21. When can a landlord bring an eviction case in court?

NONPAYMENT OF RENT:

A landlord may bring an eviction action in court based on nonpayment of rent for the period March 1, 2020, through September 30, 2021, but only if:

A.    The tenant did not submit a signed declaration of COVID-19 financial distress, 

B.    The tenant did not pay at least 25% of the rent due from September 1, 2020, through September 30, 2021, before October 1,2021, or 

C.    The basis for eviction is nonpayment of rent that was due before March 1, 2020.  

The landlord is required to inform the court, at the time they file an unlawful detainer action, if they seek to evict a tenant based on nonpayment of rent.  If the eviction is for nonpayment of rent and the tenant submitted a declaration of COVID-19-related financial distress, the landlord must submit a declaration to the court attesting to the landlord’s attempts to help the tenant obtain financial assistance to pay rent that came due between March 1, 2020, and September 30, 2021.   (See Code Civ. Proc. § 871.10)  

The Court may not issue a judgment in an unlawful detainer action based on nonpayment of rent for the period from March 1, 2020, through September 30, 2021, unless the landlord can attest that it assisted the tenant to obtain financial assistance and the tenant was denied financial assistance.  (Code Civ. Proc. § 1179.11)

OTHER REASONS:

A landlord can bring an eviction action in court based on reasons other than nonpayment of rent at any time, so long as the reason for eviction is not prohibited by the County ordinance (see FAQ 7) or State law limiting just cause evictions.  (See Code Civ. Proc. § 1178.03.05(a)(3), Civil Code § 1946.2)

22. What protections are available for small landlords?

The Tenant, Homeowner, and Small Landlord Relief and Stabilization Act extends protections provided to homeowners in 2013 under the California Homeowner Bill of Rights to individual (i.e., non-corporate) landlords who own (or together with other individuals own) no more than three residential properties, each of which contains no more than four units.  The Act is effective until December 31, 2021.  The protections establish specific guidelines that mortgage servicers must follow when a landlord defaults on a mortgage because of their tenants’ nonpayment of rent caused by reduction in income due to COVID-19.  For example, a mortgage servicer cannot pursue a foreclosure action while the landlord/property owner is attempting to modify the mortgage loan.  

The COVID-19 Small Landlord and Homeowner Relief Act provides certain landlords owning no more than four rental units certain remedies when a mortgage servicer does not comply with federal guidance regarding borrower options in connection with a COVID-19-related forbearance. (Civil Code §§ 3273.01-3273.16)

23. How may a landlord recover unpaid rent?

State law allows landlords to recover COVID-19-related unpaid rent that came due from March 1, 2020, through September 30, 2021, in small claims court beginning November 1, 2021, in certain circumstances.  The unpaid rent is basically converted to consumer debt.  The Act eliminates the rules that limit how much a person can sue for in small claims court to recover this debt.  Additionally, the Act exempts landlords seeking to recover this debt from the rule limiting a person to bringing two small claims cases for more than $2,500 in one year.  (Code Civ. Proc. § 116.223)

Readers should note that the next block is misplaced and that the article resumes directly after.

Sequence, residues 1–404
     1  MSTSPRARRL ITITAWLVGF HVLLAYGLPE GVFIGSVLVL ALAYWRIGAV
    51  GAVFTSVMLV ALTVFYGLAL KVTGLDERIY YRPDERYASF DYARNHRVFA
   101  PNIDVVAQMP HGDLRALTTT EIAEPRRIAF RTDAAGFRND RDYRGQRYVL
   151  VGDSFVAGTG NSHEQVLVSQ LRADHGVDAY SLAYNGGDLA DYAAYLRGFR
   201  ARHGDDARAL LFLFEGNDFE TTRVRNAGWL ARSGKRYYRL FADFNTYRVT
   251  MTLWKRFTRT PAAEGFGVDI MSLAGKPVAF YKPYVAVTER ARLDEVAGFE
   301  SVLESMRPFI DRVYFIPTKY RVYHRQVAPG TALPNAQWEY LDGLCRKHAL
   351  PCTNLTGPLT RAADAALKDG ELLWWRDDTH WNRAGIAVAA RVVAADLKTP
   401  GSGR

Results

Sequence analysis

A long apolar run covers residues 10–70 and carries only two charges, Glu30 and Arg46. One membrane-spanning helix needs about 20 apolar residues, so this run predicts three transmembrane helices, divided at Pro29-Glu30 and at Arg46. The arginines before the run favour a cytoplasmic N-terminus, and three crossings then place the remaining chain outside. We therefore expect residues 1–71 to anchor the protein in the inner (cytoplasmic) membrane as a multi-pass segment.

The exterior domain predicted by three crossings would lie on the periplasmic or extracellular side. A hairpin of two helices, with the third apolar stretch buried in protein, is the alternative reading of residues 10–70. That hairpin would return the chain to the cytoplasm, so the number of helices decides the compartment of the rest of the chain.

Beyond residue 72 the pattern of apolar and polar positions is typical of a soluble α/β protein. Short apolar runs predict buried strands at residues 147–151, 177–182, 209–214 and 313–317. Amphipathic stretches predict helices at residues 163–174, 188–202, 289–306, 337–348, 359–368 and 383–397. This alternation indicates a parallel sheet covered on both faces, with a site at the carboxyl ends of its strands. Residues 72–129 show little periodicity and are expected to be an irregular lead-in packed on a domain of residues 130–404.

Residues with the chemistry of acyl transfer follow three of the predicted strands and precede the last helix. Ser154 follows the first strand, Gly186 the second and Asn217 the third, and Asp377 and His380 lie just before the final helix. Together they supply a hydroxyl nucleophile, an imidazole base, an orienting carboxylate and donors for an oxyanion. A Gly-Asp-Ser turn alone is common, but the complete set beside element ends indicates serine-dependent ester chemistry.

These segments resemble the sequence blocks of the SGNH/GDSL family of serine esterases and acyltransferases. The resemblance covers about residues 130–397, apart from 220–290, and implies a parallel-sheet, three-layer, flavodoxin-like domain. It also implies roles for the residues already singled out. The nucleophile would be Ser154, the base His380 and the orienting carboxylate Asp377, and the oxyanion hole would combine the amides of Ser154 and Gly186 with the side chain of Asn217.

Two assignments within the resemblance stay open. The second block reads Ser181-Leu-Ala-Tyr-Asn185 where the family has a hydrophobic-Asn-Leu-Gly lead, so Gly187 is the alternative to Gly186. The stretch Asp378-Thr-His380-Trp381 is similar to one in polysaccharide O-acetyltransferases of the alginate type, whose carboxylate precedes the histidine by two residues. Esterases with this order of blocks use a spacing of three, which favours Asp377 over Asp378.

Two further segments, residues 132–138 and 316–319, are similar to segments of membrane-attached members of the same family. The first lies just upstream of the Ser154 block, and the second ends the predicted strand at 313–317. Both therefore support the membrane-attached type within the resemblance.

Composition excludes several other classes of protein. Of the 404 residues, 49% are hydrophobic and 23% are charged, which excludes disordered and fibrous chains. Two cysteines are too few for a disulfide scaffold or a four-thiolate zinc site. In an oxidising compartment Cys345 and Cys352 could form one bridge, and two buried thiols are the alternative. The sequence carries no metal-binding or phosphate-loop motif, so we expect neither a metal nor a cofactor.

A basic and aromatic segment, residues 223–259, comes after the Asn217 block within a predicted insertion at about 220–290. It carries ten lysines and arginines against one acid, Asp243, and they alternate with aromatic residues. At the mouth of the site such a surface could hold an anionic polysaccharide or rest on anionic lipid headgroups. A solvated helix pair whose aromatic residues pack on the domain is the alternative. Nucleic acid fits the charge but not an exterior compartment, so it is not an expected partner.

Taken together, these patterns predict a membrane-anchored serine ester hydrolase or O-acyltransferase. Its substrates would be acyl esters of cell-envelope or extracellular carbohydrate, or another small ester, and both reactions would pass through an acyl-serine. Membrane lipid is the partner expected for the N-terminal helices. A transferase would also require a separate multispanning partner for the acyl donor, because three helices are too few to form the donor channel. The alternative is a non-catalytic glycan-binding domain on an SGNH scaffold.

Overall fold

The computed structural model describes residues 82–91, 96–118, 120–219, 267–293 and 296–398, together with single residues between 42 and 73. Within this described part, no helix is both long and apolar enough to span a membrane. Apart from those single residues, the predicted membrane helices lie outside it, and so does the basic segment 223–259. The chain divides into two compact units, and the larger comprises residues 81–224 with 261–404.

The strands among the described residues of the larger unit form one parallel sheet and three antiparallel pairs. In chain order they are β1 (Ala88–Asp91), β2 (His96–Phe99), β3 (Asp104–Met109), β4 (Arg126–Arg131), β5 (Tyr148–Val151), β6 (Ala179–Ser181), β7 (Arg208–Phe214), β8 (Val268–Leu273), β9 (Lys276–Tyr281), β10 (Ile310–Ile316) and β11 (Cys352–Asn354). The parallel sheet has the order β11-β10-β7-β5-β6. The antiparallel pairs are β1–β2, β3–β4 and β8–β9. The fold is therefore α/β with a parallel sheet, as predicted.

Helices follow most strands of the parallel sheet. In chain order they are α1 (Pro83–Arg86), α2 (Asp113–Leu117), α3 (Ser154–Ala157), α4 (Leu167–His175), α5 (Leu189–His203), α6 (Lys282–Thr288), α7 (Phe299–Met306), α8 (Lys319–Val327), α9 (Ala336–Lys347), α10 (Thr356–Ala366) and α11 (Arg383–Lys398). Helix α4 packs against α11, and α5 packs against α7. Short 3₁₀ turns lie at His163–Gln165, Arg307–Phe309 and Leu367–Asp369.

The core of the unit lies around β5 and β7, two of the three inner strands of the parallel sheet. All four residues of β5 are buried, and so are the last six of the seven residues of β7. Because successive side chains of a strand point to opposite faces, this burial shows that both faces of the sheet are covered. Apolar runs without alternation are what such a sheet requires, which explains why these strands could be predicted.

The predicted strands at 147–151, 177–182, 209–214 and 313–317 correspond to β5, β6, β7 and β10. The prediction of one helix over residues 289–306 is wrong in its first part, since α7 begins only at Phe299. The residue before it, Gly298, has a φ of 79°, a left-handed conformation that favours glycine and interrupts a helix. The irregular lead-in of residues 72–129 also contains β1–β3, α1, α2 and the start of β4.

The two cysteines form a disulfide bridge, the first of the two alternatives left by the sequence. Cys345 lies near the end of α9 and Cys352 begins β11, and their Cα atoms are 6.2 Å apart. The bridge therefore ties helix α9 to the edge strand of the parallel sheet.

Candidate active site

In any action to recover rent that came due between March 1, 2020, and September 30, 2021, where the tenant submitted a declaration of COVID-19-related financial distress, the landlord must submit a declaration to the court attesting to the landlord’s attempts to help the tenant obtain financial assistance to pay rent that came due during that period.  (Code Civ. Proc. § 871.10)  The landlord may also apply for financial assistance on the tenant’s behalf.  Indeed, the Court may reduce the amount of damages awarded in a small claims action for rent for the period from March 1, 2020, through September 30, 2021, if the Court finds the landlord did not assist the tenant to obtain financial assistance.  (Code Civ. Proc. § 871.10)

24. What if the tenant did not pay rent that was due on March 1, 2020, or earlier?

A landlord could evict a tenant for nonpayment of rent due before March 1, 2020, but the landlord must still comply with the notice requirements under the State Act. (See FAQ 19) If the landlord and the tenant could not come to an agreement regarding rent due before March 1, it was up to the court to decide whether to authorize an eviction based on the facts presented and its interpretation of the law.

25. May landlords evict a tenant for reasons other than nonpayment of rent?

It depends.  The County ordinance prohibited through September 30, 2021, no-fault evictions except where the owner or the owner’s immediate family were going to move into the residential unit; where the eviction was necessary to protect the owner’s or another tenant’s health or safety; or where the owner intended to remove the unit from the rental market in compliance with the Ellis Act (Gov. Code Section 7060 et seq.).  [See Section 3(a), (c) of Ordinance 2021-20]